- Associated Press - Tuesday, April 30, 2019

HITCHCOCK, Texas (AP) - The pool is drained. The restaurant is closed. And six months after declaring businesses at Harborwalk shut down, the marina at one of the Houston-Galveston area’s most upscale waterfront communities is still mostly closed.

The Galveston County Daily News reports Paul Leviner, the owner of all commercial properties at Harborwalk in Hitchcock, says his dispute with the Flamingo Isles Municipal Utility District and the Harborwalk Property Owners Association is heading to court.

At issue are unsafe water conditions for boats entering the marina due to lack of dredging, which he says is the responsibility of the utility district; and the property owners association’s refusal to vacate commercial properties he owns, Leviner said.

The association is refusing to enforce the terms of the sale, Leviner said, and he’s hired attorneys to represent him in the matter.

“I put up nice signs that said ‘Pool Closed’ and they tore them down,” Leviner said. “I rebuilt bait facilities and offered free ice to fishermen, and they dumped it out in the middle of the night.”



Leviner said members of the utility district board, including board president Jane McKenzie, also serve on the property association board. He contends that those entities want to take the commercial properties, which he bought last year, back from him.

McKenzie could not immediately be reached for comment on Monday.

Last fall, a significant number of boats were unable to safely dock in the marina because the district failed to dredge the harbor, Leviner said. Some of those that tried were damaged in transit, he said.

Leviner appeared before the utility district board, demanding that the harbor be dredged, threatening to close the marina if the district didn’t comply.

When his terms were not met, he closed the boat launch, marina, restaurant and swimming pool, barricading the entrances with sawhorses, padlocks, chains and ‘Keep Out’ signs.

In response, McKenzie told The Daily News that Leviner was causing a lot of confusion, and she and others were trying to work with him.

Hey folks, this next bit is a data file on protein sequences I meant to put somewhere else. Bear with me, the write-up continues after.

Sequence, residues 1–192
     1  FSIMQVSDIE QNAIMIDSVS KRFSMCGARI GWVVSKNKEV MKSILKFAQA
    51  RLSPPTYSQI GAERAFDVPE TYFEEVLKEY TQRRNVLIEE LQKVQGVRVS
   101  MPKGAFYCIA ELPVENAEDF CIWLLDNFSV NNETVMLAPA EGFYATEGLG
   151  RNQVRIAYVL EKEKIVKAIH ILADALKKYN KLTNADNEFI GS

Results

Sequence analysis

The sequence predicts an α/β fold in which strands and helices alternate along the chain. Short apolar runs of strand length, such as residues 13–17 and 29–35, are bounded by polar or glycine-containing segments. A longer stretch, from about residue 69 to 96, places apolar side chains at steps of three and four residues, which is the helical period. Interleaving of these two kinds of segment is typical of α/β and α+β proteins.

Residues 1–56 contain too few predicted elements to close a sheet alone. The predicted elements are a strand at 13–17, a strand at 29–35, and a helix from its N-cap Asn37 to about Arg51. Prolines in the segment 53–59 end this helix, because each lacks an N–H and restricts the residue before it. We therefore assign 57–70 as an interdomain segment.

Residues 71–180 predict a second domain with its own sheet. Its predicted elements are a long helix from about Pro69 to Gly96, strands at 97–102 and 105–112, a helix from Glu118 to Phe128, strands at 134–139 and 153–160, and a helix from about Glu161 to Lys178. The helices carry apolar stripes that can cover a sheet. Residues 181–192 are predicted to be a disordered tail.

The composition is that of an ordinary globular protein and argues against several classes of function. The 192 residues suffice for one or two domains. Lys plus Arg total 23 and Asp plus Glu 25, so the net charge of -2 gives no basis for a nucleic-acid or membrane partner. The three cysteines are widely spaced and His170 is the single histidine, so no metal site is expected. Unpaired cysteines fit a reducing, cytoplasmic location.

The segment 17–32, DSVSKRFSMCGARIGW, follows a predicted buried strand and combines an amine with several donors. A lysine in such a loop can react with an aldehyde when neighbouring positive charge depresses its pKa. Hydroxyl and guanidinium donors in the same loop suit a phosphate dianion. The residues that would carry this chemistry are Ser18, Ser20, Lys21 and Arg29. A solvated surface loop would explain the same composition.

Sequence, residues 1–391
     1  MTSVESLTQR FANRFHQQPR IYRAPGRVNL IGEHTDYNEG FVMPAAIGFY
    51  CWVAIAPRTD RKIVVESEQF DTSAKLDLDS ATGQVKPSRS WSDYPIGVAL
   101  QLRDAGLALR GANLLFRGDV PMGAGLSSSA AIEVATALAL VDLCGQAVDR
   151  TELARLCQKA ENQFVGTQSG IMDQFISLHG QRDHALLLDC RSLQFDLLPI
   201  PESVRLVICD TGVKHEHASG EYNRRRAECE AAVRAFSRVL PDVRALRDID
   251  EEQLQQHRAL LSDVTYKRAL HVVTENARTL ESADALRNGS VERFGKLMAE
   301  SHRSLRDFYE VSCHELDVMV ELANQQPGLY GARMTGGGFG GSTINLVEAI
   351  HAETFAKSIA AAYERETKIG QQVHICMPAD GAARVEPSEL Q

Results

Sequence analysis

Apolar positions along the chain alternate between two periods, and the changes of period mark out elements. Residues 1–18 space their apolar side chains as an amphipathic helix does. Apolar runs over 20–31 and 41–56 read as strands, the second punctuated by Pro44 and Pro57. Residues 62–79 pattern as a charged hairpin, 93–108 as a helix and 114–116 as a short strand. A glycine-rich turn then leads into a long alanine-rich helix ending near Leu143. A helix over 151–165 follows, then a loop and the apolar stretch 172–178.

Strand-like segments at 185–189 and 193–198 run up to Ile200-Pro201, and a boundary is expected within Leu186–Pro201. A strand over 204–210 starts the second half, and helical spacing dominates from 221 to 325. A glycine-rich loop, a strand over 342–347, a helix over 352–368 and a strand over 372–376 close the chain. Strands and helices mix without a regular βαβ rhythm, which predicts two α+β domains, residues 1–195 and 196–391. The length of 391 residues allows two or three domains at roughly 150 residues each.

“I just wish he could be happy,” she said.

Frustrated by the failure of the utility district to dredge the channel and maintain bulkheads at Harborwalk, and alarmed by what he perceived as an attempt to run him out of business, Leviner put matters in the hands of two law firms, one from Houston and one from Galveston, he said

“I’ve hired two sets of attorneys and I guess we’re going to find out what the court has to say,” Leviner said.

The development formed in 2002 and was originally owned by Harborwalk LP with developer and Harborwalk resident Lynn Watkins at the helm.

Harborwalk LP filed for Chapter 11 bankruptcy reorganization in 2010 and was sold to a new developer, Austin-based Legend Communities, in 2012.

Leviner said he was approached by Haythem Dawlett, Legend Communities’ founder and chief executive officer, to sell the commercial properties last year, but a deal was not reached within the time limit he set.

Minutes from utility district meetings in January and February said that Dawlett, on behalf of Legend Communities, was still in negotiations with Leviner and a purchase agreement was being drafted, but Leviner denied that claim.

“I do not have an agreement with them,” Leviner said. “Any agreement I had with them expired months ago.”

Dawlett could not immediately be reached for comment on Monday.

Leviner, who resides in Kingwood, said he purchased a home in Harborwalk last April when the marina was not selling gas because of lines in bad repair, the restaurant was closed, the swimming pools were not opened and the palm trees were dead.

He bought the commercial properties from Legend Communities after he purchased the home, he said.

“They were going to foreclose on the second developer, and they owed close to a million dollars for repairs and had no money to fix it all,” he said.

Leviner paid cash for the 150-slip marina, yacht club and pool, the restaurant building formerly occupied by Floyd’s on the Water, the ship store and welcome center, as well as real estate opposite the marina and expansion rights for the marina.

He planned to make it the premiere spot for docking on the mainland side of Galveston Bay, and he absorbed losses averaging $100,000 per month after pouring money into initial repairs and closing the marina, he said.

Right now, it’s not clear when Leviner will reopen the commercial properties.

“I just want them to follow the law, to dredge the canals and maintain the bulkheads like they’re supposed to and to not interfere with the running of a private business,” he said.

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Information from: The Galveston County Daily News, http://www.galvnews.com

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